Accumulation of ammonia and other potentially noxious gases on live export shipments from Australia to the Middle East

Noxious gases on ships are irritant pollutants that have potential impacts on the comfort and health of both livestock and humans. Identification of environmental influences on the pollutants will assist live exporters to control them.

Ammonia, hydrogen sulphide and carbon dioxide, as well as wet and dry bulb temperature, dew point, air speed and depth of faeces that the sheep stood in, were measured on two ship voyages in which sheep were transported from Australia to the Middle East.

Daily measurements were made at 20 measurement locations over 12 days. At four sites, the mean ammonia concentration for the voyage was above the recommended maximum limit for the live export industry (25 ppm). The mean ammonia concentrations at the remaining 16 sites were below 18 ppm and considered safe. High ammonia concentrations were localised and occurred particularly on closed decks, as well as at the front of the vessel and near the engine block on open decks.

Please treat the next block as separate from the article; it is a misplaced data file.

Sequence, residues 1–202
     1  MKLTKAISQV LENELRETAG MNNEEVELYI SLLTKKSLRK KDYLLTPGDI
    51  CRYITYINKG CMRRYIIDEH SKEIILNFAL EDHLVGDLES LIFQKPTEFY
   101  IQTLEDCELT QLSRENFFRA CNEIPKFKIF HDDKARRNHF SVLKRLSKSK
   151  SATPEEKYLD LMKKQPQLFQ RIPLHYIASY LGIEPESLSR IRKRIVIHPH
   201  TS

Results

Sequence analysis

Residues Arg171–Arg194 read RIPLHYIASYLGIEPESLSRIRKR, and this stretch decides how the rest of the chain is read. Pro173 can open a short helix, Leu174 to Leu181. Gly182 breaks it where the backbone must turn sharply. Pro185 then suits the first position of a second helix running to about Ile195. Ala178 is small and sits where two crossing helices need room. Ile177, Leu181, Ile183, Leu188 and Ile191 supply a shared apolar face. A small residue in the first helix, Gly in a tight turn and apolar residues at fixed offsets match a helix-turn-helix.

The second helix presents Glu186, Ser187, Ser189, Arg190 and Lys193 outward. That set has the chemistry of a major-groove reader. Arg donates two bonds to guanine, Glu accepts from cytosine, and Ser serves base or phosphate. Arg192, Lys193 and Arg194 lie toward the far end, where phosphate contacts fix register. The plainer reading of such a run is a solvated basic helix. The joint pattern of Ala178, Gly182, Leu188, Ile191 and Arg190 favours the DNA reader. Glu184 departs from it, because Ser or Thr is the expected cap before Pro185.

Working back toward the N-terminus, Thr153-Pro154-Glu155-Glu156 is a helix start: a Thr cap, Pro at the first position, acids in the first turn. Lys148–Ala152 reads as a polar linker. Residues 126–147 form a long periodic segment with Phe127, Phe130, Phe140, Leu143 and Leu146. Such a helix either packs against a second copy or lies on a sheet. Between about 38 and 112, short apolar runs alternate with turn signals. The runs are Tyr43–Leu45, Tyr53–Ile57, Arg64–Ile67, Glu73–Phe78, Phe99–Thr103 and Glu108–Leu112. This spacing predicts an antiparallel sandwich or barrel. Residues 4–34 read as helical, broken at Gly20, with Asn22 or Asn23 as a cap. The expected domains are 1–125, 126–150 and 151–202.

Ammonia concentration on the open decks was correlated with cumulative wind during the voyage, air speed, dew point, wet bulb temperature and faecal pad depth, and on the closed decks with dew point, and wet and dry bulb temperature. Hydrogen sulphide (<1.8 ppm) and carbon dioxide (<1900 ppm) concentrations were low and did not pose a risk to animal or human welfare or health. The results suggest that high ammonia concentrations occur in those parts of the ship where there is insufficient ventilation and/or high temperatures and humidity.

The study is from the Centre for Animal Welfare and Ethics, School of Veterinary Science, University of Queensland, Gatton, Queensland, Australia.

Pines MK, Phillips CJ. J Environ Monit 2011 Sep 13 [Epub ahead of print].

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